Free zones are facing an uncertain period as Covid-19 hinders their activity across the globe.
With many of them heavily reliant on manufacturing and export-led activity – and therefore unable to participate in the great migration towards working from home that is being seen in other sectors – the zones are facing having to remodel and put into place emergency measures in order to come out of the Covid-19 crisis intact.
A survey conducted at the beginning of April by the Kiel Institute for the World Economy (IfW Kiel) in partnership with the World Free Zones Organisation (World FZO) focusing on the impact of Covid-19 on free zones showed that, on a global scale, zones are at the sharp end of the disruption brought on by the pandemic. Some 91% of the zones surveyed reported limitations to their production due to lockdown restrictions.
According to the UN Conference on Trade and Development (Unctad), on a global level there are about 5,000 free zones spread across 140 countries. Their form varies widely, but broadly speaking free zones – or, more broadly categorised, special economic zones – are designated areas within a country that enjoy eased taxation, and measures to incentivise and attract business.
A 20 April paper written by Dr Samir Hamrouni and Dr Mohan Guruswamy, chief executive officer and chief knowledge officer of the World FZO, respectively, highlights the importance of preparing for the worst case scenario when it comes to the timeline of economic recuperation.
“Economic activity may remain flat for an extended period of time,” they write. “Addressing such an eventuality will require a radically different mindset.”
Hamrouni and Guruswamy stress the need to go digital in all transactions, review all business processes for scale, efficiency and effectiveness, assess long-term strategic plans and business performance management systems, and explore new methods of financing, among other essential actions for zones.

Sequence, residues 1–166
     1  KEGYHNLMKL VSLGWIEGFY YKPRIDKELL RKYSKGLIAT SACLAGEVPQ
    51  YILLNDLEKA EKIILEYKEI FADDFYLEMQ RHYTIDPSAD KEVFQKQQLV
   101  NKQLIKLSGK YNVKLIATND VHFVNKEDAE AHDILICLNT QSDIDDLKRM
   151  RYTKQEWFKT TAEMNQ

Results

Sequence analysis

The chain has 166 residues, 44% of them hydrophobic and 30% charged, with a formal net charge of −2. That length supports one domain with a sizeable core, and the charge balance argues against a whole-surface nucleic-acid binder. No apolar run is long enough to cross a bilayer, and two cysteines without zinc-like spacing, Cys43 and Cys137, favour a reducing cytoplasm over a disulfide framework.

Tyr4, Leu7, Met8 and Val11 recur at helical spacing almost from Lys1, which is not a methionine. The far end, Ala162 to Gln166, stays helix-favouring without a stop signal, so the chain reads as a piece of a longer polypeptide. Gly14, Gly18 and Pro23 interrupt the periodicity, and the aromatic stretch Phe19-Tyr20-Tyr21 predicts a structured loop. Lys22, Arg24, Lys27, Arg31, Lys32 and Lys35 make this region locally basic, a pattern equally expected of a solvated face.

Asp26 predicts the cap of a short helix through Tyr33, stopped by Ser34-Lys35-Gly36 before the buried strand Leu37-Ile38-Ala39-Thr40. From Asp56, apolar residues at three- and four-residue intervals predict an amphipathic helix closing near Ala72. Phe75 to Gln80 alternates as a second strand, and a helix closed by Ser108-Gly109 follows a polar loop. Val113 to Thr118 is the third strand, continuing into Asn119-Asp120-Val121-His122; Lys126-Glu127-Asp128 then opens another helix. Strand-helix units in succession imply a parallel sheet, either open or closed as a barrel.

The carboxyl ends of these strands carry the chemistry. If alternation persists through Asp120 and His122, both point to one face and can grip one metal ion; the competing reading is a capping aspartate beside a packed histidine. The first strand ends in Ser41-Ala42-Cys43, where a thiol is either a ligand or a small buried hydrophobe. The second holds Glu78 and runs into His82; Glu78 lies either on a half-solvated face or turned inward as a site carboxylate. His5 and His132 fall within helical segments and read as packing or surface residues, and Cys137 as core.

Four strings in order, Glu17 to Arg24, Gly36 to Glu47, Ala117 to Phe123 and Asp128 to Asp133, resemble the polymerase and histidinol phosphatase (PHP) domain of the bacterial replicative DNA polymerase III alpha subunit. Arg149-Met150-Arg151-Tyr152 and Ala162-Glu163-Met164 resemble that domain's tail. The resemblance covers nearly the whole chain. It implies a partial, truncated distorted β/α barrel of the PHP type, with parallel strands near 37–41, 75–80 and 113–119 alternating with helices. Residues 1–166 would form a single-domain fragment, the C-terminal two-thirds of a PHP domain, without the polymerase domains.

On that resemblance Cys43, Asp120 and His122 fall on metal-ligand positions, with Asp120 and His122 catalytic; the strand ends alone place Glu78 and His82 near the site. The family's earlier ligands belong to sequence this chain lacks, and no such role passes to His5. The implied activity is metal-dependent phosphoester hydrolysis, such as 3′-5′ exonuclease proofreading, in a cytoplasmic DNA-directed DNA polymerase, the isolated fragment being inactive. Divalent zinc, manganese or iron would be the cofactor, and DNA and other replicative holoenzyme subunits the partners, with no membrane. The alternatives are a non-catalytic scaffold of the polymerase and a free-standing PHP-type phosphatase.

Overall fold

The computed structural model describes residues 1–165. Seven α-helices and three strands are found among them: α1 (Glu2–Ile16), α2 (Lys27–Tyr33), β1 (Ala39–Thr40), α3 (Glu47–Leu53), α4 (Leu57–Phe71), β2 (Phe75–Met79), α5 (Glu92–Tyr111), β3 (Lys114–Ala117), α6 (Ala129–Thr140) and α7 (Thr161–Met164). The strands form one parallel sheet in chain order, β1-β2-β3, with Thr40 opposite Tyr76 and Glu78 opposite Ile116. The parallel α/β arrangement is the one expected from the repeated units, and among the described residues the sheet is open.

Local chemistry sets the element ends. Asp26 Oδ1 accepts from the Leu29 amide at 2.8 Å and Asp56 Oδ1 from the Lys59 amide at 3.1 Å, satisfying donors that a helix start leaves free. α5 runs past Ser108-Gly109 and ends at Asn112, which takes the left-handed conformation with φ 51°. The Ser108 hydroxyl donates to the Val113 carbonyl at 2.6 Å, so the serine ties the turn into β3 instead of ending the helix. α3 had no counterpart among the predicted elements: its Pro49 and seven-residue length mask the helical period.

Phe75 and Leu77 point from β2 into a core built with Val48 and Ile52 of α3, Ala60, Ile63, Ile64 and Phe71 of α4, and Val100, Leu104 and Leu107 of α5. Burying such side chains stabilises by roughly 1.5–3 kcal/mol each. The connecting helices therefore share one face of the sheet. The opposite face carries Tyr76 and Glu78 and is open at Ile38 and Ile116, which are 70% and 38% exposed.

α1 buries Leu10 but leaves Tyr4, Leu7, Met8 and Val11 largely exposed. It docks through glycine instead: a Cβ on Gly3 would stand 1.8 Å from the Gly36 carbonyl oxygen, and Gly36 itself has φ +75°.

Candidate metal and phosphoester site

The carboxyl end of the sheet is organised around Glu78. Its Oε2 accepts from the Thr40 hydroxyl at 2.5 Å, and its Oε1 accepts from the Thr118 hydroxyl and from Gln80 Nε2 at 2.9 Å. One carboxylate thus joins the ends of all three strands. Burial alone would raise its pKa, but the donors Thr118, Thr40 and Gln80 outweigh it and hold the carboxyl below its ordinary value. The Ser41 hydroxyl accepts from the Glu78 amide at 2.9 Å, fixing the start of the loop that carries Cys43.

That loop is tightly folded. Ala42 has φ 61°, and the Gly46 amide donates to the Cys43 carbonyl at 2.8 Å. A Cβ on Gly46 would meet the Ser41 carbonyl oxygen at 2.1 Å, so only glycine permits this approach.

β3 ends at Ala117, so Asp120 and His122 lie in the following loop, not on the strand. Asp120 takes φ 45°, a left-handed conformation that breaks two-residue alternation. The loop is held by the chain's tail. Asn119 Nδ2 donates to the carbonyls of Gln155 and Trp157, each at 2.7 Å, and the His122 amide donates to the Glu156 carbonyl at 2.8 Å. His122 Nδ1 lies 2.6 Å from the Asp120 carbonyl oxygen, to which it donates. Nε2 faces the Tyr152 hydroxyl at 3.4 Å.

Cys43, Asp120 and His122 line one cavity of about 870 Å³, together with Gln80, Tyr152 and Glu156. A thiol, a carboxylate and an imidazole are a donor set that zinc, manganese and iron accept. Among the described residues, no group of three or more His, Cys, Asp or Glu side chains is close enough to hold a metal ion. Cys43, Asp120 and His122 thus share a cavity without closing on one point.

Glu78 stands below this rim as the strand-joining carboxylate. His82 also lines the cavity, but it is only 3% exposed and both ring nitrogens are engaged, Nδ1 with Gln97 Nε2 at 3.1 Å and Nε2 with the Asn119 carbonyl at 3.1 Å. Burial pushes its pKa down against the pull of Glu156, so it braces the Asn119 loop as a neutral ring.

The global pandemic has put the diversification of global value chains centre stage and this has inevitable consequences for free zones. Dr Klaus-Jürgen Gern from the IfW Kiel and co-author of the survey in partnership with the World FZO, highlights this as one of the main takes from the crisis, but sees this issue as a source of future opportunities.
“We think that a major lesson of this crisis for producers will be to diversify value chains rather than to unwind globalisation altogether,” Gern says. “This process may well provide opportunities for free zones to expand into new fields of activity and could help them lead a recovery in their host countries based on demand and investments from abroad.”
By doing this, says Gern, free zones could spearhead the move to restore economic activity back to pre-pandemic times. He explains that this can be initiated by “firms located in [developed] countries that are in a better position to support the restart of the economy than many developing and emerging economies are”.
However, this will not be an easy task. The International Monetary Fund reported that by the end of March capital outflows from emerging markets had reached at least $83bn since the beginning of the Covid-19 crisis, and Unctad predicts general foreign direct investment flows worldwide will plummet by as much as 40% in 2020.